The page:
The Cassandra meme

Is it over?

As 2007 begins, the shadows are lengthening, the funk is deepening, and there’s a bad meme on the rise. On January 5, Robert Cringely says that the net’s a house of cards, and it’s about to collapse under the weight of big video files. On January 6, Jeremy Reimer, of Ars Technica, says that video may put such a strain on the web that ISPs start regulating traffic, de-neutralizing the net. On January 7, John Markoff, in a big New York Times article on the proliferation of botnets, says, “the bad guys are honing their weapons and increasing their firepower.” On January 9, the ironically named Sunshine Mugrabi, at Red Herring, says, “Layoffs and debt-ridden companies abound in a dire sign of another dot-com bust.” This morning, Information Week reports that spam has hit unprecedented levels, accounting for 94% of all email.

And now, in a Wired interview, Jonathan Zittrain, the founder of Harvard’s Berkman Center for Internet & Society, raises the possibility of an Internet apocalypse, spurred by “software saboteurs.” “You really think the sky could be falling?” the interviewer asks. “Yes,” responds Zittrain. “Though by the time it falls, it may seem perfectly normal. It’s entirely possible that the past 25 years will seem like an extended version of the infatuation we once had with CB radio, when we thought that it was the great new power to the people.”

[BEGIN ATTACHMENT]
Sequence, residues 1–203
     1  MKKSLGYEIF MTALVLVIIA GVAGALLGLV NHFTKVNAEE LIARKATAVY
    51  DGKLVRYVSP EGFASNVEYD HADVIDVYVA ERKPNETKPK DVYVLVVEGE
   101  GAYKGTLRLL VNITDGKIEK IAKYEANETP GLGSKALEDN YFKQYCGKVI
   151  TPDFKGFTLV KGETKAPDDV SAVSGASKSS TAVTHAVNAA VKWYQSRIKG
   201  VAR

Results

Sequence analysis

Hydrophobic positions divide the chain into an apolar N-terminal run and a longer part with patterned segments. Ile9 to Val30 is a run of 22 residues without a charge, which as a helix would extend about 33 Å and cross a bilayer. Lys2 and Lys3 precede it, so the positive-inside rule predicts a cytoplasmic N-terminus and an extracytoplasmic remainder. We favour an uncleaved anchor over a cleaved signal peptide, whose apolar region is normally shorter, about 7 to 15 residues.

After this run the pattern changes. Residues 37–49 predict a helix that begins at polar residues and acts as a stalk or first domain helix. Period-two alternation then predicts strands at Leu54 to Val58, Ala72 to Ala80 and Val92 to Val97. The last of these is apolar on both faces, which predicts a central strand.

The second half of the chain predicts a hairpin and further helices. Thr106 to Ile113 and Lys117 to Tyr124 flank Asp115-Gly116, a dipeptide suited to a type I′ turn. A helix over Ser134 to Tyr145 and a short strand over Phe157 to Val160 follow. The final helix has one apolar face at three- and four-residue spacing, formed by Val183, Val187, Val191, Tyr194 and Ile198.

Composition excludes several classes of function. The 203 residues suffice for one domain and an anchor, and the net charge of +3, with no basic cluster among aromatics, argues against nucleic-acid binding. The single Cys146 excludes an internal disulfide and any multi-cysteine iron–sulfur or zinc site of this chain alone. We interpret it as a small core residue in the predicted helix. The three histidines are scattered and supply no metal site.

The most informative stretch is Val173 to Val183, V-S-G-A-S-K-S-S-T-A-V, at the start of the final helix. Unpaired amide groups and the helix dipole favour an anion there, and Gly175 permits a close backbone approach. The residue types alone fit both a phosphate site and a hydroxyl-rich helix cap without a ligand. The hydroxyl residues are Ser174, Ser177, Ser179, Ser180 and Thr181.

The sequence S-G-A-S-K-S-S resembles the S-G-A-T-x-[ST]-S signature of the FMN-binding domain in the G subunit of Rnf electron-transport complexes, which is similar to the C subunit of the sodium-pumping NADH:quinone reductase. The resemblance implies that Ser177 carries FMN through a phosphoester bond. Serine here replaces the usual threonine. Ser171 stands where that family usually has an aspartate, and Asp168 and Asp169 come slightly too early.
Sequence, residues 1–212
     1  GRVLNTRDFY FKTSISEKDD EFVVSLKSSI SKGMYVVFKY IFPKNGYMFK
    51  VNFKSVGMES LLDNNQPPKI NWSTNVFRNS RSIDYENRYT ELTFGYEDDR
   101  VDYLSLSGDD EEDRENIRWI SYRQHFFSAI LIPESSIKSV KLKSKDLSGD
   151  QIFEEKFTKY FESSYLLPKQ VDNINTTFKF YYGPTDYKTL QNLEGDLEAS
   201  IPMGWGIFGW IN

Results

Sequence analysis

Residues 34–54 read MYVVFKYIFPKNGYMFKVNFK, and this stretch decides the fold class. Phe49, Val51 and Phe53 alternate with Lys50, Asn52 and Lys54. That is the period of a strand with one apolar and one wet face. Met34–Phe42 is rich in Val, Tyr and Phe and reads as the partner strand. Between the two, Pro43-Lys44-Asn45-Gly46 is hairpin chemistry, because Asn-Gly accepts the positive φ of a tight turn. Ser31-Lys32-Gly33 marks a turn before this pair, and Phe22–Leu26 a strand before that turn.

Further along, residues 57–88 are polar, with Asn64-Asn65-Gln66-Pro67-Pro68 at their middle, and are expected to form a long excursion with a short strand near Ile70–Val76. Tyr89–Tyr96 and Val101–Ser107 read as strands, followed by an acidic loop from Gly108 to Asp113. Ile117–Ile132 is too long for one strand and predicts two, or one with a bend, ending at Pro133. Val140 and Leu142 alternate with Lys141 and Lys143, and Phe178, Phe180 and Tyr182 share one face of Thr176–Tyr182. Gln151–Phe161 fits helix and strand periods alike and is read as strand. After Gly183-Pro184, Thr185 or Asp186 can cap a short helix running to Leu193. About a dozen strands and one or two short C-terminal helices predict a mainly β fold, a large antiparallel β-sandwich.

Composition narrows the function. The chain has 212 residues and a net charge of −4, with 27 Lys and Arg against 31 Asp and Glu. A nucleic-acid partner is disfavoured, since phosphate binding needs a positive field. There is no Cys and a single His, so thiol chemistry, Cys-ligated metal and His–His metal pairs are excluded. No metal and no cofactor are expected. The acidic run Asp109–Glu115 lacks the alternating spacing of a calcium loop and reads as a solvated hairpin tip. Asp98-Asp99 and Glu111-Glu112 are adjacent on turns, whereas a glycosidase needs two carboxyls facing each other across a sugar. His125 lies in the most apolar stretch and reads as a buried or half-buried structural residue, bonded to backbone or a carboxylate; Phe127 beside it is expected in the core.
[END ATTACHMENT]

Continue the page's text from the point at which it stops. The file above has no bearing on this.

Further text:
What are they putting in the Kool-Aid these days?

3 Comments

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3 Responses to The Cassandra meme

  1. All these doomsayers are assuming the video content is compelling, a highly questionable assumption at best.

  2. Well, putting on my conspiracy theory hat… I don’t think it’s mere coincidence that all this talk is starting at about the time Congress is going to be dealing with the Net Neutrality Act. As the father of a one-time lobbyist, there are many ways to float base concepts, and even unaligned people get caught up in the discussion (that is, I don’t think all these people necessarily are being directly manipulated). In any event, watch for more “nightmare scenarios” being discussed and, as a result, more and more alignment around the idea that an unregulated (and free) internet just won’t cut it anymore…

  3. Matthieu RIou

    As I’ve mentioned it in my weblog, the non-availablity of a higher bandwidth is pretty local to North America. And solutions exist. It’s just that nobody has put enough pressure on the infrastructure guys yet. But with enough kool aid…